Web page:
To grow big bass, one has to grow big bass. Sounds maybe oversimplified because I know a big effort as well as investment went into making the BOW a trophy BOW. But once success is achieved, it is easier to maintain than it is getting it there. Ultimately, nothing succeeds like success and long term satisfactory results can be achieved. So I wonder ... is this going to be a success story where the BOW maintained its self under continued feeding ... Or ... a story of how curtailment of feeding crashed the production of prey?


Edited by jpsdad (11/06/19 07:58 PM)

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#513775 - 11/06/19 08:14 PM Re: Evaluted an interesting couple of ponds.... [Re: Bob Lusk]
Bill D. Offline


Registered: 10/19/14
Posts: 6055
Loc: Boone County Illinois
I'm not ready to offer up an opinion on the current condition of the ponds yet but I do think the fact that the BG were fed pellets and that the food was suddenly taken away could be significant. IMHO It is possible the ponds were populated with multiple size classes of healthy BG in numbers that could be supported by the ponds with supplemental feeding but beyond the capacity of the ponds's natural food chain to support. If that was the case, the BG could have been starving, stopped growing and looking desperately for an alternate food source once the feed was withheld. They might have been surviving but not thriving... but still spawning.

Another thought along the same path...From reading another member's experiences, not that long ago, too many hungry BG actually limited his LMB spawn and recruitment....

Would not be the first time we've heard about a pond full of BG and a limited number of LMB of various size class....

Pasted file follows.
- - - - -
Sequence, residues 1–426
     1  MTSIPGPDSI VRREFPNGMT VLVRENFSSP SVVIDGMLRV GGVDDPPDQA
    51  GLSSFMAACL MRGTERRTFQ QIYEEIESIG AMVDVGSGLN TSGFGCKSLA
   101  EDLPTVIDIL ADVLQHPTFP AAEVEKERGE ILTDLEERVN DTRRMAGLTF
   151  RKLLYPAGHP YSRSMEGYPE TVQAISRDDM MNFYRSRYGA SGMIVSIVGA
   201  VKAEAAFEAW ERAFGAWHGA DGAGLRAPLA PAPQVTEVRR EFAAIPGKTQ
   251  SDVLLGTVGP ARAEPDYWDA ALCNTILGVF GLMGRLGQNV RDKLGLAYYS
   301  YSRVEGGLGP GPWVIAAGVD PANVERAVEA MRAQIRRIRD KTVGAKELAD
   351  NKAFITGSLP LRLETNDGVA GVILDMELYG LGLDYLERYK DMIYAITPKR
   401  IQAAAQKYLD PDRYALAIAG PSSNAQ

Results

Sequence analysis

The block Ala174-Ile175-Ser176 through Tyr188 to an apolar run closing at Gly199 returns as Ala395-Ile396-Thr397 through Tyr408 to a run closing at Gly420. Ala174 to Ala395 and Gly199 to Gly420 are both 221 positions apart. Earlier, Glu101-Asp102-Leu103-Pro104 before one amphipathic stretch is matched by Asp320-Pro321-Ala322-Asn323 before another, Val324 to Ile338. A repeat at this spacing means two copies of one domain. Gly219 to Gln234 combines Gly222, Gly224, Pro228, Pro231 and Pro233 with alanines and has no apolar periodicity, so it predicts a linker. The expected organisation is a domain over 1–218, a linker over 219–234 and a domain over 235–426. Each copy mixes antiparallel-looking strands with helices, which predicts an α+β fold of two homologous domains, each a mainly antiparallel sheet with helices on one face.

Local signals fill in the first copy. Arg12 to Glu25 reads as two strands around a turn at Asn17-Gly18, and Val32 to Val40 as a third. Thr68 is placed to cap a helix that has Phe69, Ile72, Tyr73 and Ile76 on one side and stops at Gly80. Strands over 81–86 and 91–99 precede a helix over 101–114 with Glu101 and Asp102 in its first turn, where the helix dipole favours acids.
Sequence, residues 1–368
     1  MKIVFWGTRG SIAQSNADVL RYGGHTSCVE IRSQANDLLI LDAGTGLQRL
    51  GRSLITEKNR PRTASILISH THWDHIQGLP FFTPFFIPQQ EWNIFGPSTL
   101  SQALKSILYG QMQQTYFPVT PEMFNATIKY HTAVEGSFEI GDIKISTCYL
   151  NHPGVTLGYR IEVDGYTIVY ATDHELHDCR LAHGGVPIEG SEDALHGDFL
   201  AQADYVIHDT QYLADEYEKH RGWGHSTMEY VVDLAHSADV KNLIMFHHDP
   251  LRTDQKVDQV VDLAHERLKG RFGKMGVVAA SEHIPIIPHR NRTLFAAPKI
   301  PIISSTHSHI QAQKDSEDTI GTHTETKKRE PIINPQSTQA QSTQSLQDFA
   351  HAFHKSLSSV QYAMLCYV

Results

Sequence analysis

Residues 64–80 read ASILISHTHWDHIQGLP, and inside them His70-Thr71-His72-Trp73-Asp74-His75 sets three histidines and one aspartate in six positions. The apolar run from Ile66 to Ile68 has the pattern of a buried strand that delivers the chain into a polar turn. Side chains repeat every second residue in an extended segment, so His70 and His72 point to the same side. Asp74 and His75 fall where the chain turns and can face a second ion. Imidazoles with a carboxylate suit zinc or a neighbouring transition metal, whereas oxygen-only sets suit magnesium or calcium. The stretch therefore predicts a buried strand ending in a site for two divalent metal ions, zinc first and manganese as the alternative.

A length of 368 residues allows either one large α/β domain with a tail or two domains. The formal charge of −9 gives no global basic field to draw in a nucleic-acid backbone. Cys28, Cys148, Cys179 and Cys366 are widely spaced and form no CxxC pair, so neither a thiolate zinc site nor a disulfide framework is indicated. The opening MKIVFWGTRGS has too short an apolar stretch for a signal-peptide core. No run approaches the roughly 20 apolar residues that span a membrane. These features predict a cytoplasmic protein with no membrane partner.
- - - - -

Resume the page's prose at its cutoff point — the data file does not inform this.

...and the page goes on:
So many variables that could have tipped the balance lots of different ways!

Intriguing exercise! Thanks Bob! smile


Edited by Bill D. (11/07/19 07:14 PM)
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#513776 - 11/06/19 08:26 PM Re: Evaluted an interesting couple of ponds.... [Re: Bob Lusk]
RStringer Offline


Registered: 06/06/18
Posts: 459
Loc: Parsons KS
Man that's alot to take in. There alot of couldofs. Yes that's a new word. Have to be honest I'm just a fairly new student to all this pond stuff. I have learned more than I had any clue there was to them. All the different fish, water quality, algae blooms, etc, etc, etc. So really I'm just going to sit back and read the answers mainly. But Mr. Lusk was yelling at the class saying dont be shy.

That's prolly a lie. I'm very talkative so I will prolly chime in more. Also I read this form several times a day so my wheels are always turning (not a good thing lol).
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#513780 - 11/07/19 06:45 AM Re: Evaluted an interesting couple of ponds.... [Re: Bob Lusk]
Dave Davidson1 Offline
Moderator
Lunker

Registered: 01/04/06
Posts: 14124
Loc: Hurst & Bowie, Texas
Being successful in the past, we can rule out water quality concerns. And Denton is just far enough West to have balance and not need fertilization. If there were environmental issues, I expect you would have said so.

Silted in, average depths?

How quickly do they want to turn this around? Are they like the guy you wrote about in Raising Trophy Bass who said that he didn't buy green bananas? (I've never forgotten that one.)